Veterinarian volunteers must be licensed in the state of California

Must have extensive horse handling experience

Volunteer Protocols during the COVID-19 Pandemic

The Northern California Association of Equine Practitioners (NCAEP) will continue to deploy to disasters at the request of emergency office officials during the COVID-19 pandemic. Considering social distancing and required PPE, deploying to an incident will offer new challenges. The following protocols will be observed in an effort to limit exposure to and spread of coronavirus.

DO NOT attempt to volunteer if:

  • You are not feeling well, have COVID-like symptoms, or are confirmed positive for coronavirus, please do not accept a shift.
  • You become unwell between the time that you are scheduled to volunteer and the actual volunteer date, please do not deploy. Contact NCAEP as soon as reasonably possible to provide notification that you will not be able to volunteer.
  • You have been exposed to anyone showing symptoms of the virus or confirmed to have the virus.
  • You are at an increased risk of becoming unwell from coronavirus, for instance, are immunocompromised, have heart or lung problems, diabetes, or are elderly.

If you do decide that it is safe for you to respond:

  • NCAEP coordinators will be asking if you are experiencing any COVID symptoms. If you are not feeling well or have a fever of over 100.4F, you will be asked to go home.  
  • Please bring and wear a mask. If you do not have a mask, NCAEP will provide a mask for you as long as supplies last.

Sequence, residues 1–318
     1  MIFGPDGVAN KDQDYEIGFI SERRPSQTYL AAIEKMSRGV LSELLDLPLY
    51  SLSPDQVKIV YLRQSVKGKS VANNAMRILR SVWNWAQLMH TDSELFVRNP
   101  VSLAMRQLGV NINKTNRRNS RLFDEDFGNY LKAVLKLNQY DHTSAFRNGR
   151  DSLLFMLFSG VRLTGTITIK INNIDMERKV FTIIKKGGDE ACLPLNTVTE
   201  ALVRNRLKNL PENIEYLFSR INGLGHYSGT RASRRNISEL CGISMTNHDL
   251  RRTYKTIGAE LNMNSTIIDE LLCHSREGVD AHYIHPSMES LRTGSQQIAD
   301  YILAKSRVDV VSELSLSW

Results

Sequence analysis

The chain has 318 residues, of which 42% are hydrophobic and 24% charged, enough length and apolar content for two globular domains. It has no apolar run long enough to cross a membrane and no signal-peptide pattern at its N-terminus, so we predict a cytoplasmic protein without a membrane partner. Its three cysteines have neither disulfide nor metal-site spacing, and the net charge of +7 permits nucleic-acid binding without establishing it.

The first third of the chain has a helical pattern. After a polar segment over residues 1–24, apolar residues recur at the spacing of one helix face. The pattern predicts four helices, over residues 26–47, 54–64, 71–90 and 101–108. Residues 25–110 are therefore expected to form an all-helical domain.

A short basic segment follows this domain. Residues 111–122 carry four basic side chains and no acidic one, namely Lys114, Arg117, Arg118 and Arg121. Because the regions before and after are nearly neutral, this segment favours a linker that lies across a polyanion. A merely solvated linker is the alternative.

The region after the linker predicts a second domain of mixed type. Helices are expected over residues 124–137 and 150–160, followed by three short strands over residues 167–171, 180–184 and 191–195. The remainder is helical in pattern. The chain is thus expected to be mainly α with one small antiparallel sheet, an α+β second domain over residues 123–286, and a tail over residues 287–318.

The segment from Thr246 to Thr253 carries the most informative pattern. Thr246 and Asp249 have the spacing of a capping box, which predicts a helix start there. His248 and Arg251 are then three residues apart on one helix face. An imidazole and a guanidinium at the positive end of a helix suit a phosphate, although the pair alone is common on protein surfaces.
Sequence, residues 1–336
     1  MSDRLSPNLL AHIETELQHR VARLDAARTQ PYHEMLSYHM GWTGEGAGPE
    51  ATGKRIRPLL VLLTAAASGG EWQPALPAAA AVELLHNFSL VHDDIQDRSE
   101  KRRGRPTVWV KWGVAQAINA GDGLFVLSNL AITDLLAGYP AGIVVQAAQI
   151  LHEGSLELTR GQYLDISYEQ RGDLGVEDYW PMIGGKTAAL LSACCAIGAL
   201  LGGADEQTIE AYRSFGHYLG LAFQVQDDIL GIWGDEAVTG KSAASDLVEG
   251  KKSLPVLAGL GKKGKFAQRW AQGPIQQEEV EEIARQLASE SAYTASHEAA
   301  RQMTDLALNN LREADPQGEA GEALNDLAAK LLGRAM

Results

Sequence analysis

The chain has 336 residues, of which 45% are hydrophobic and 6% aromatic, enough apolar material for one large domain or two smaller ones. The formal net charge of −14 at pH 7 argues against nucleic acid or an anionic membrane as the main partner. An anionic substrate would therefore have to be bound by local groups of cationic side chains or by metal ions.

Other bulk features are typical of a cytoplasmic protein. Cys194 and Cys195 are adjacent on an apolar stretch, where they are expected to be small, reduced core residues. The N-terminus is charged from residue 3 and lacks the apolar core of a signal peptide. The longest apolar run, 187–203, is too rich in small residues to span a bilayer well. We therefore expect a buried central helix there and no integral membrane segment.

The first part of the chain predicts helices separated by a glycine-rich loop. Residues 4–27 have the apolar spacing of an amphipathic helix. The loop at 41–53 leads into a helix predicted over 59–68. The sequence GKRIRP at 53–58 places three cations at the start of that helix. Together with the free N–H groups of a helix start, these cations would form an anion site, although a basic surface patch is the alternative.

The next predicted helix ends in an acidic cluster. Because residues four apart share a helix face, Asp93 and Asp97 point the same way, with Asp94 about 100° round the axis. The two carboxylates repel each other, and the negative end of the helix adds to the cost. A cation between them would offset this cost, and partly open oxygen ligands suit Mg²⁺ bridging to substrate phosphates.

• Adhere to social distancing (6 feet apart) as much as possible. Only one volunteer may be in the NCAEP trailer at any given time. 
  • Wash or sanitize your hands frequently when not wearing gloves.

Conditions will not be ideal. Inevitably, there will be issues that will come up that we have not considered. We will discuss these in a calm, rational manner and come up with the best solution, adhering to protocols from the CDC and County of Deployment’s Public Health office.

National Animal Rescue and Sheltering Coalition (NARSC) in conjunction with the American Red Cross is providing guidance and educational slideshows intended to ensure jurisdictions are aware of planning changes necessary to meet the extra burden in cleaning, staffing, and logistics during the coronavirus disease (COVID-19) pandemic.

Are you a CAVMRC Member?

CAVMRC

The California Veterinary Medical Reserve Corps (CAVMRC) of the California Veterinary Medical Association (CVMA) is a Unit of the Medical Reserve Corps, a national program of the Office of the Surgeon General and Citizen Corps. The CAVMRC is guided by the Disaster Preparedness Committee of the California Veterinary Medical Association.

VOLUNTEER REQUIREMENTS

Required:

Additional recommended training includes: